TSA vs. Private Contractors

07 Jun

Recently, the TSA determined that private security organizations were not as efficient at screening passengers and their baggage at airports as they were. “In January 2011, Transportation Security Administration (TSA) chief, John Pistole, announced a halt to expansion of the use of private security screeners at US airports explaining that the TSA had found “no clear and substantial advantage” to expand the use of private contractors,” (Leggiere, 2011).

A new report, recently released, rebuts this claim. The story can be found here:

This function, of personnel screening at our nation’s airports, has made TSA perhaps the most hated and maligned Federal entity in recent memory. The IRS will continue to hold that title, however, until somebody flies a plane into TSA headquarters . . .

The screening function should be outsourced to private contractors. Here are a few very obvious points in favor of this model:

Competition encourages innovation. The TSA is an immature, lumbering agency struggling to find its way. I understand they’re facing staffing and training challenges. However, lack of competition stifles innovation. Nobody needs to see a study to agree with this concept. A private security company who competes with rivals for a contract will perform better. Period.

This is an easy job. I don’t care what the TSA union might say – this is an easy job. I did years of sentry duties as a military policeman, inspecting baggage, vehicles and personnel for explosives and other sinister devices. I know it’s easy, all hyperbole aside.

TSA should focus on procedural compliance. This is the proper role for the agency – oversight and quality control. I don’t care whether this is the model TSA administrators envision, or are implementing now – it is the most effective model.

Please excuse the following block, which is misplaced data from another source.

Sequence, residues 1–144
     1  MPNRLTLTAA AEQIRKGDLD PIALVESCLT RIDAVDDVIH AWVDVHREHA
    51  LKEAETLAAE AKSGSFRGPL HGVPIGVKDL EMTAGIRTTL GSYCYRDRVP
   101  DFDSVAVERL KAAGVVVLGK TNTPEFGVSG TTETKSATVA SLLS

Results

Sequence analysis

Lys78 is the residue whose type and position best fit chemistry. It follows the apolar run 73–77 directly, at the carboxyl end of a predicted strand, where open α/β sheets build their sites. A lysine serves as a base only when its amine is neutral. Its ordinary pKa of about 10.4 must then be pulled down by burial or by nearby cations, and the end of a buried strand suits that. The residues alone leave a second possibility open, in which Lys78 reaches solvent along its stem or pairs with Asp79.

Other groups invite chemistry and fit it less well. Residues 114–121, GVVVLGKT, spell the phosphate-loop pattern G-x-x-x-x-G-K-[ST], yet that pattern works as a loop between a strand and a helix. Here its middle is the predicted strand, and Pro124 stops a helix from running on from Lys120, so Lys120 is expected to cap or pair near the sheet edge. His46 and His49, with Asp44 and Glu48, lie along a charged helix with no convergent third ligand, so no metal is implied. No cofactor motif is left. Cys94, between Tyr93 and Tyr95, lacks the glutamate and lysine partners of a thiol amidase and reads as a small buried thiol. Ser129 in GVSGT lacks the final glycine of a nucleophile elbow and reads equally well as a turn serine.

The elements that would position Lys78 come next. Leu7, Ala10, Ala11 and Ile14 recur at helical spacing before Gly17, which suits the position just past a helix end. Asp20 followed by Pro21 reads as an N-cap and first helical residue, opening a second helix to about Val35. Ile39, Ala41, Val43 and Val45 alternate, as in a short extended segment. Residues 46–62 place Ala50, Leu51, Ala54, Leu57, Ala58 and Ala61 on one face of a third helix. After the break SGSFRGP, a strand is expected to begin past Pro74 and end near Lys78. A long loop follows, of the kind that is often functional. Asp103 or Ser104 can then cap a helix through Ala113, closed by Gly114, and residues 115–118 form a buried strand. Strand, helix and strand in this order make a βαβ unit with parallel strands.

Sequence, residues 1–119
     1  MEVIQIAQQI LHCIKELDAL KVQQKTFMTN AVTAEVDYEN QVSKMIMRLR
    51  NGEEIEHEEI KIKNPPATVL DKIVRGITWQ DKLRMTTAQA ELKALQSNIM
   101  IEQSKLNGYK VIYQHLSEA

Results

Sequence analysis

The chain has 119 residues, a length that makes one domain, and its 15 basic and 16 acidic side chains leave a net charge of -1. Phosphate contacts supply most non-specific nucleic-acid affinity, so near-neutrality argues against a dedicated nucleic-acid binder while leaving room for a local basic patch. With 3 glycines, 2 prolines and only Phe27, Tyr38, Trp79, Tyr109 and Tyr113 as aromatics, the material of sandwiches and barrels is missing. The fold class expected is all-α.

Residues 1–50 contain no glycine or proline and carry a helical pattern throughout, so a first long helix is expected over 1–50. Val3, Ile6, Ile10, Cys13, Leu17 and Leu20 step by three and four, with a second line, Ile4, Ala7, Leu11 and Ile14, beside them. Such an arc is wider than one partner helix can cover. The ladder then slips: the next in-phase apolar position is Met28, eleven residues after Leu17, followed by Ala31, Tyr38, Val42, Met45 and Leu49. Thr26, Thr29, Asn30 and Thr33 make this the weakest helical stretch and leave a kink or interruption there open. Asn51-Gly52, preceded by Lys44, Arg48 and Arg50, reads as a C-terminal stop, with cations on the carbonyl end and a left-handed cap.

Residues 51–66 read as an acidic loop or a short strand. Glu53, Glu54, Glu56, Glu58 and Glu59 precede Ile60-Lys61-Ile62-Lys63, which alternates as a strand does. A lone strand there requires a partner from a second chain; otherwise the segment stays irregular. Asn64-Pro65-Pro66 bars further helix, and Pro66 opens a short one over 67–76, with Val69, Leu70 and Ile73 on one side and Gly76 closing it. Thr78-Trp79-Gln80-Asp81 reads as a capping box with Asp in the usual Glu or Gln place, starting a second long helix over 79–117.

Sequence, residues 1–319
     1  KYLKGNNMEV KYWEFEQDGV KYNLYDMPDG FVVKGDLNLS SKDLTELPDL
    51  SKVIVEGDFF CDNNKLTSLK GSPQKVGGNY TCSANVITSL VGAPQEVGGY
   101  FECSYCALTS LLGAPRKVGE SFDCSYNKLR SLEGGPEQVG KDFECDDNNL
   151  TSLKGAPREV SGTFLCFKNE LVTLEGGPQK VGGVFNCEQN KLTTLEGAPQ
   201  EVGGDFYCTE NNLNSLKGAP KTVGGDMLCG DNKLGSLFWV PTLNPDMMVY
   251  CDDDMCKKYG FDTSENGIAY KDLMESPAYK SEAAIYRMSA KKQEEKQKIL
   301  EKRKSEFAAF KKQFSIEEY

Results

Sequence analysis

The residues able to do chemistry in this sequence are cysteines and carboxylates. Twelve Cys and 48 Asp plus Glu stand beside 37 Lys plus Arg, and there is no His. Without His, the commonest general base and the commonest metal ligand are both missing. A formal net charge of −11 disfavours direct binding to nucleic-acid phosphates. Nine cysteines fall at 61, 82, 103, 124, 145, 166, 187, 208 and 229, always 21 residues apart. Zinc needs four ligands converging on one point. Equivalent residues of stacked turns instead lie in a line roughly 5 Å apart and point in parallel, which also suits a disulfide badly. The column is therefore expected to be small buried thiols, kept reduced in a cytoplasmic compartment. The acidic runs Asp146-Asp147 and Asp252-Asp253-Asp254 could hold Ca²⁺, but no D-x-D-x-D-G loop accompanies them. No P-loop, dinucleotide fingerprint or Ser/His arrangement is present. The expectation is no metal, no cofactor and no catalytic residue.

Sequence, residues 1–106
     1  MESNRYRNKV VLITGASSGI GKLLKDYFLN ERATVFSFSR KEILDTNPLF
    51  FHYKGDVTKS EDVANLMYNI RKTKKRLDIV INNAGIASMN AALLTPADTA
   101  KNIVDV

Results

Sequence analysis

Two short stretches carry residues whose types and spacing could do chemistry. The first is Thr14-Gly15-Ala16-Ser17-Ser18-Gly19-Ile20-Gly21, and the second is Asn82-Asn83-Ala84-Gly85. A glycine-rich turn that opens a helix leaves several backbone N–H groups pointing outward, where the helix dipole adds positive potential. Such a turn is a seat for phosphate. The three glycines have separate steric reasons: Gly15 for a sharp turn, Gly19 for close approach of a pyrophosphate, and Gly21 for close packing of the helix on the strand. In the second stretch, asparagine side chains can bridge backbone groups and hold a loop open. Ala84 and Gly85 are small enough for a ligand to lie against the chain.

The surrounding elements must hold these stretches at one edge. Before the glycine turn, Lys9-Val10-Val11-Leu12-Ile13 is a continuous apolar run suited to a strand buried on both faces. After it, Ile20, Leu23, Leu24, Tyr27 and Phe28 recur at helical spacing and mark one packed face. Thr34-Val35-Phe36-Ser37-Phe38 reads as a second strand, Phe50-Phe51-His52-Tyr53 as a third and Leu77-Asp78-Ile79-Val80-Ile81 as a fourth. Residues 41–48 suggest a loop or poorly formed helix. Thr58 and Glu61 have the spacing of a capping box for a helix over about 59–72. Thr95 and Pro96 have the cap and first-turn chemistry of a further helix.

TSA should act as a clearinghouse for aviation threats and intelligence. One critic of the private screening model had this to say, “further privatization could lead to greater inconsistencies in threat identification, intelligence dissemination, and screening operations.  This would greatly threaten TSA’s mission,” (Leggiere, 2011). This is complete nonsense.

–          If TSA took a step backward from the “front lines,” it could efficiently liaison with the various contract companies and provide timely intelligence to those employees actually conducting the screenings at the airports. I realize that would mean each local and regional TSA office would have to maintain effective and constant liaison with the airports within their jurisdiction – would harm could possibly come from that?

–          The employee putting hands-on at the airports (pun intended) needs very basic information about current threats. Sources and methods involved in the collection of this intelligence will never be distributed to these screeners. Distributing tactical, low level intelligence to field hands is not nearly as glamorous or informative as commonly assumed – and this intelligence can be distributed just as easily to private contractors as it is to TSA employees.

The private model is more efficient. We should go with it.


Leggiere, P. (06 June 2011). House Committee Report Disputes TSA Findings On Private Airport Screening. Homeland Security Today.

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Posted by on June 7, 2011 in Security


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